Tarantino mourns the loss of cinema's glossiness in Once Upon a Time in Hollywood, bridging nostalgia and honesty through fiction.
Author: Matt Paprocki
Matt Paprocki has critiqued home media and video games for 20 years across outlets like Variety, Rolling Stone, Forbes, Playboy, Polygon, Paste, and others. His current passion project is the technically minded DoBlu.com. You can follow Matt's body of work via his personal WordPress blog, and follow him on Twitter @Matt_Paprocki.
A minor blip in Universal's catalog, Horror Island makes for fast, light viewing that's ultimately too inoffensive to write off.
Basil Rathbone and Bela Lugosi headline, but 1941's The Black Cat is more a murder comedy routine starring Universal regular Hugh Herbert.
Lon Chaney Jr.'s stint as an electrically-imbued mutation in Man Made Monster follows the Universal formula, but with updates for a contemporary time.
While marginally successful when dabbling with workplace sexism, Killer Crocodile 2's brazen horror doesn't show the care of the original.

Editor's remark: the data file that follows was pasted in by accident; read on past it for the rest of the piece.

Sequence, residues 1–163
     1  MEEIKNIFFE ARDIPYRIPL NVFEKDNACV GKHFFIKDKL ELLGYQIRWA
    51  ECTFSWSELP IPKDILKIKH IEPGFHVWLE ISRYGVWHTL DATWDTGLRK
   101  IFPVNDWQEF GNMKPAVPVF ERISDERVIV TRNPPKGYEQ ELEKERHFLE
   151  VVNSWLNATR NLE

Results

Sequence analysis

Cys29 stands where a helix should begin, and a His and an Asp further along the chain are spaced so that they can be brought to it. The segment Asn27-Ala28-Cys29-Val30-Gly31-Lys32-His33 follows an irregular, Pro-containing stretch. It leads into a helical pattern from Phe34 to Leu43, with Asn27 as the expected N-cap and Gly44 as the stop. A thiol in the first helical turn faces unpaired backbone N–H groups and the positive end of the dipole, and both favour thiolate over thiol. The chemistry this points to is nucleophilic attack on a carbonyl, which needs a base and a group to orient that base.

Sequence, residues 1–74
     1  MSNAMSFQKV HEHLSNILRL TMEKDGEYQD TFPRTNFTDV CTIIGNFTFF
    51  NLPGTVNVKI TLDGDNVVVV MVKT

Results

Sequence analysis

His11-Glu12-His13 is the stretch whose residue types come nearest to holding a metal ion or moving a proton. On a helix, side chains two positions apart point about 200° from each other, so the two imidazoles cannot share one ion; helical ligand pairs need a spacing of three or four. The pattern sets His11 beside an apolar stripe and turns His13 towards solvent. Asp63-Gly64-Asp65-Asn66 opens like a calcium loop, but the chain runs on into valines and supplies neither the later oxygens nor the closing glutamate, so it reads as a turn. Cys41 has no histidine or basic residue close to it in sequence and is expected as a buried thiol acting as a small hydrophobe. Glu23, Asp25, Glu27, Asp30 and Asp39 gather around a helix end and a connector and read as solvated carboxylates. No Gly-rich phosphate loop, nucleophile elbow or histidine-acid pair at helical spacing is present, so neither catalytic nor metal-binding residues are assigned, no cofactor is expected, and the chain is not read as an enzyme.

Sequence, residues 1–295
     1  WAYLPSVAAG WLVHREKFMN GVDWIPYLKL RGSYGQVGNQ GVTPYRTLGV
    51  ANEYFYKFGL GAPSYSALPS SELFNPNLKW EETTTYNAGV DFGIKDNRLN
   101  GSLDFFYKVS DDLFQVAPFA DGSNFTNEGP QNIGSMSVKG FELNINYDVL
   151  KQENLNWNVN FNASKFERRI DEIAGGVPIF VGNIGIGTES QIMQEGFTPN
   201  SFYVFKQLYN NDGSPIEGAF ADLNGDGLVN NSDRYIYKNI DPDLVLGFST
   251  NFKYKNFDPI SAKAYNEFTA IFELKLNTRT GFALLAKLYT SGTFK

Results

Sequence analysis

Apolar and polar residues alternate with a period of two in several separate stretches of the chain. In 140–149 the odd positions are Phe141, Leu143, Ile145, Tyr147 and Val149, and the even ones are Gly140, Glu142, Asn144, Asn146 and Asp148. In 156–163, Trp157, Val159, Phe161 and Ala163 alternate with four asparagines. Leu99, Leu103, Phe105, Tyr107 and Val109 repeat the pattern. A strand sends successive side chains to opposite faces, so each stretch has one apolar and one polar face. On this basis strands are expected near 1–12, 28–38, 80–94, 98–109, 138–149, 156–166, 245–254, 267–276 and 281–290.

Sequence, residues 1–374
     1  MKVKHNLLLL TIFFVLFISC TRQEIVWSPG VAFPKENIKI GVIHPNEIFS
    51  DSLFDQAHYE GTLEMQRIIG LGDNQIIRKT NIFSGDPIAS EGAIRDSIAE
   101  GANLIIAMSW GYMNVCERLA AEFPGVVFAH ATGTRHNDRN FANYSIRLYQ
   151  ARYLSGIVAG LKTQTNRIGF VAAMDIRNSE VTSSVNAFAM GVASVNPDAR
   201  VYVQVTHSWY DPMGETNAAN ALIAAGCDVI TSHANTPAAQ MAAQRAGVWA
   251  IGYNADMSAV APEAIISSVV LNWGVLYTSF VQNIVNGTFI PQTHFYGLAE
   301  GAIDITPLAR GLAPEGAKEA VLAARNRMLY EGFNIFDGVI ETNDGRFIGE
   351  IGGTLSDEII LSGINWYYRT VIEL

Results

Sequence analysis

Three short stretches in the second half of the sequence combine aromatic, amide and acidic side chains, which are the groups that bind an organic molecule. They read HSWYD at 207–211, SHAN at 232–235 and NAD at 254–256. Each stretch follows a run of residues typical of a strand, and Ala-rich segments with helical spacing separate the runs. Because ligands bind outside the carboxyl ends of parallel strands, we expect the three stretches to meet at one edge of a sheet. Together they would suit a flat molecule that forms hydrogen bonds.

There's no hiding from Killer Crocodile's knock-off quality, but the Italian flick stages a fun social dynamic between environmentalists and hunters.
Released on the eve of the US involvement in World War II, Tower of London warns of those seeking power, and those who willingly assist.
While the sentimentality for a lost era of heroism is great, the execution of Jake Speed is muddled, ponderous, and desperate for charisma.
A riotous class satire, Ready or Not brings pitch black humor to a story of rich versus poor through a clever script.
Michael Gough tries as an impossibly evil scientist, but Konga rates as one of the dopiest big ape movies in its attempt to play things straight.
Kubrick's The Shining doubles as a paranormal horror movie, but works best in its depiction of domestic abuse and the isolation it causes.
A flawless encapsulation of America's 60s and the profound change, The Graduate depicts a generation faced with uncertainty.